Is Mark Sanchez fighting for his job? You better believe it
Bob GlauberBob Glauber
Glauber has been Newsday's national football columnist since 1992. He
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With the Jets' season hanging in the balance and Mark Sanchez facing continued doubts about whether he truly is the long-term answer at quarterback, he deftly avoided a meaningful answer to the most important question he now faces.
Coming off a series of poor performances and facing continuing calls from fans and some in the media that he be replaced by Tim Tebow, Sanchez was asked if he feels as if he's fighting for his job heading into Sunday's game against the Rams.
Sanchez declined to offer a direct answer, opting to deflect the attention away from him by responding, "I'm just fighting for this week, fighting to win this week."
He handled the media pressure better than the defenders who have chased him this season. But this is the most critical area facing the Jets, so let's answer the question for him: You had better believe he's fighting for his job.
And not just in the coming weeks. Sanchez's startling regression after two AFC Championship Game appearances in his first two years has been alarming, and no doubt is prompting major doubts within the organization about whether he truly is the solution at the most important position in professional sports.
For as much as Rex Ryan continues to stubbornly defend Sanchez as his franchise quarterback, Ryan would be foolish not to at least consider the possibility that he will have to look in a different direction if Sanchez cannot dramatically improve his performance and make the Jets competitive.
That is, if Ryan is even in a position to make that decision. After all, the Jets have lost five of their last six games, and if they continue that freefall, there's no guarantee that Woody Johnson will retain Ryan next season. General manager Mike Tannenbaum's job security also is a question.
Therefore, this is a critical stretch as the Jets try to figure out whether Sanchez is the answer. The next few days might go a long way in the evaluation process. If the Jets can beat the 3-5-1 Rams and upset the Patriots on Thanksgiving night to get back to 5-6, a surge of optimism no doubt will return to the entire organization. Two losses in that span, and the wheels will have fallen off.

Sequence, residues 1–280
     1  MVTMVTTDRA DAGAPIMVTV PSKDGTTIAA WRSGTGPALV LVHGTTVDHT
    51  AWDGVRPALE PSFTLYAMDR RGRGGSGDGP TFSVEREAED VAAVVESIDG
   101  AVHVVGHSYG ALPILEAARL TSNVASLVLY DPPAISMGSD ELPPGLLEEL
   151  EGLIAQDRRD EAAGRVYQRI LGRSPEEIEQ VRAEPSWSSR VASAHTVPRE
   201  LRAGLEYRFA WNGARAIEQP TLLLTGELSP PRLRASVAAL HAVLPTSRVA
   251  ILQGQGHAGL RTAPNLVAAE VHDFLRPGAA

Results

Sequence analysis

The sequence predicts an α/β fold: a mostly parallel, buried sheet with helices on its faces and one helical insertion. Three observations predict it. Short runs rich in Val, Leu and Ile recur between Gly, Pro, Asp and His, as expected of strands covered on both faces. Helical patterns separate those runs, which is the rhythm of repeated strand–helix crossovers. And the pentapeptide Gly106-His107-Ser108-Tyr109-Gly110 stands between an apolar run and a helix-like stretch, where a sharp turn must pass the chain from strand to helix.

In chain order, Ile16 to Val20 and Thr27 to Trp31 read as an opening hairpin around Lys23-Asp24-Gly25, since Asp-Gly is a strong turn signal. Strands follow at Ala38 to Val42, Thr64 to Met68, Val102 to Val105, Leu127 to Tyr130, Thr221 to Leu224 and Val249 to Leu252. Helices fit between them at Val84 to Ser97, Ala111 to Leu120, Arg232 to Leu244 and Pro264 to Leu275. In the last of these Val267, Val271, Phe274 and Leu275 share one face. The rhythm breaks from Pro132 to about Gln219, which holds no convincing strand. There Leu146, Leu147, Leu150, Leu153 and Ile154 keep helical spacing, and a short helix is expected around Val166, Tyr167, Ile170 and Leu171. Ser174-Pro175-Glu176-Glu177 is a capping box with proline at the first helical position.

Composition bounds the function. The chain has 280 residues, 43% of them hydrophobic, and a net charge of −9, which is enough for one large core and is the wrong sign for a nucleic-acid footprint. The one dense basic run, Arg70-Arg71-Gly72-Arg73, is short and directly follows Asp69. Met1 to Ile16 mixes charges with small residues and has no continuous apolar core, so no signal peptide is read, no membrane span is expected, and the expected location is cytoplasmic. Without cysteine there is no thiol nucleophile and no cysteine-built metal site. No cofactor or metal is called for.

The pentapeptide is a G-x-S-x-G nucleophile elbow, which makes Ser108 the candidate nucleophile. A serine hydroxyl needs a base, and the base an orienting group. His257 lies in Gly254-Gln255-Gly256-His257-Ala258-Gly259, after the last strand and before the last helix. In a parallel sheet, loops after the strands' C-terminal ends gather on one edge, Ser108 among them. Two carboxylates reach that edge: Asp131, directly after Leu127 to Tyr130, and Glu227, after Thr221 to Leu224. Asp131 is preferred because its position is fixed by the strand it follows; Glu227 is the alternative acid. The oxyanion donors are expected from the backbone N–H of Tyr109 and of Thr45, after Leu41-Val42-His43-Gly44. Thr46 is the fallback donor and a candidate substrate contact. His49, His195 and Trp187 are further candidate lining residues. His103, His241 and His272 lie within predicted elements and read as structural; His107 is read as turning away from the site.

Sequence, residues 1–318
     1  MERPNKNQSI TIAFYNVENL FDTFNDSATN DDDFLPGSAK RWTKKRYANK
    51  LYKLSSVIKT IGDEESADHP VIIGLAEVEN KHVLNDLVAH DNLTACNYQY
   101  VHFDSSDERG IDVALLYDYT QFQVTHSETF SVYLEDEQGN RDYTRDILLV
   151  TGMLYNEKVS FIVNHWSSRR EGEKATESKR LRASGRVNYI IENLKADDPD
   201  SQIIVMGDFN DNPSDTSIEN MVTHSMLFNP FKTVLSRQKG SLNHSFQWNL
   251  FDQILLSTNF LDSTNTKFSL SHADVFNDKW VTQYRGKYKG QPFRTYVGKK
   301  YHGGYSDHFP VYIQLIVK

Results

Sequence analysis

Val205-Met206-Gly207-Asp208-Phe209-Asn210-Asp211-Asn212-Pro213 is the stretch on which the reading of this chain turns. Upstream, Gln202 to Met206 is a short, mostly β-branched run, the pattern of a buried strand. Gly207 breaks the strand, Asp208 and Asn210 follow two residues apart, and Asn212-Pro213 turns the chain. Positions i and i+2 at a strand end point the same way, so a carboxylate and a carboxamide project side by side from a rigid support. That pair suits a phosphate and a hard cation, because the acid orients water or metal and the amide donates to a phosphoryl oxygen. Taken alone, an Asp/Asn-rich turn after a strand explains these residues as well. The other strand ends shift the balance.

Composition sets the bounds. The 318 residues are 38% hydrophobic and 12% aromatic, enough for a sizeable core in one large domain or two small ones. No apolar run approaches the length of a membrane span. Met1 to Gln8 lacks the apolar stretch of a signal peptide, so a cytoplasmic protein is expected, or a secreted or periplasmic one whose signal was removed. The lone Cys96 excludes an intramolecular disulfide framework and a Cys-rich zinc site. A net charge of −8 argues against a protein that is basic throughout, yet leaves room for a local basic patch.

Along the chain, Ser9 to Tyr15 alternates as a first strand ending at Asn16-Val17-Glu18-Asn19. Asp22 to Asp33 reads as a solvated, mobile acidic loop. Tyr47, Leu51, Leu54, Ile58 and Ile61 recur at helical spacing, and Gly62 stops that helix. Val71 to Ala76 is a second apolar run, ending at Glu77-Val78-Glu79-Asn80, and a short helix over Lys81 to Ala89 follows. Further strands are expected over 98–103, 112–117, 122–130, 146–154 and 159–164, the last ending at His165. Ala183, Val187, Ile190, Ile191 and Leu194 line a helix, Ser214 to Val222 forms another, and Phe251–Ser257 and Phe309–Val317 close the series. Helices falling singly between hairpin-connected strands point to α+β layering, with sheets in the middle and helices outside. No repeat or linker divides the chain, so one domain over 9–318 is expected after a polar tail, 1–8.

"Just get a win, get a win," Sanchez said. "The margin for error is so small in this league and losing, just like winning, is contagious and [it] can turn so quickly. Seeing it happen my rookie year, in 2010 we were on a team that just couldn't lose at certain times. We won four games on the last play of the game in a row. Those kind of things happen, just like losing games in a row happen, dropping the last three or whatever it is. I have faith that these guys can turn it around and we just have to keep fighting."
Sanchez has enjoyed a rare week out of the media glare, mostly because of the controversy sparked by an article quoting several players and others within the organization criticizing Tebow, with one defensive starter calling Tebow "terrible."
In a league in which the backup quarterback often is the most popular player among the fans, especially when the starter is struggling, it was a bizarre juxtaposition that underscored the utter chaos around a team that can't get out of its own way.
But now that game day has arrived, the focus will be back on Sanchez. So will the scrutiny. He faces a Rams team that hired his former offensive coordinator, Brian Schottenheimer, to tutor former first-round quarterback Sam Bradford. Sanchez now works under Tony Sparano, who has largely bombed in his first -- and possibly his only -- year with the Jets.
Sanchez's numbers are miserable, partly of his own doing, partly because the talent around him has been eroded by injury -- his top receiver, Santonio Holmes, was lost for the season with a foot injury -- and ineffectiveness. An offensive line that once was the strength of the Jets has mostly faltered this season, and usually reliable tight end Dustin Keller has been plagued by dropped passes.
But quarterbacks are judged on whether they can lift the play of their teammates, and Sanchez has mostly failed this season. He has only 10 touchdown passes and nine interceptions. His 52.0 completion percentage is last among all NFL starters, and that includes the five rookies who entered the season as their teams' No. 1 quarterbacks. He has completed less than 50 percent of his passes in five of nine games. Since throwing for three touchdowns in a season-opening win over the Bills, he hasn't thrown for more than two in a game.
He hasn't been helped by what's gone on around him. But a No. 5 overall pick in the draft who was selected after his team made a dramatic move to trade up can't be mired in mediocrity like this.
That's why it is such a critical time for Sanchez. For as much support as he has received from the team -- this past week, team owner Woody Johnson said he had no doubt that Sanchez is a franchise quarterback -- the reality is that the team has to be prepared to move on.
The Jets can keep Sanchez next year and bring in a quarterback with the potential to start (something they appeared to do before this season by signing Drew Stanton, only to dump him after trading for Tebow). Or they can closely study quarterbacks such as West Virginia's Geno Smith, Kansas State's Collin Klein, Tennessee's Tyler Bray, USC's Matt Barkley or some other potential blue-chip quarterback in the 2013 draft and determine if one of them is better suited to lead the Jets into the future.
In a league in which passing has never been more important, the Jets need to have a capable quarterback. In the next seven games, Sanchez can show them he deserves to be that quarterback. Or he can show them that it's time for them to find someone else.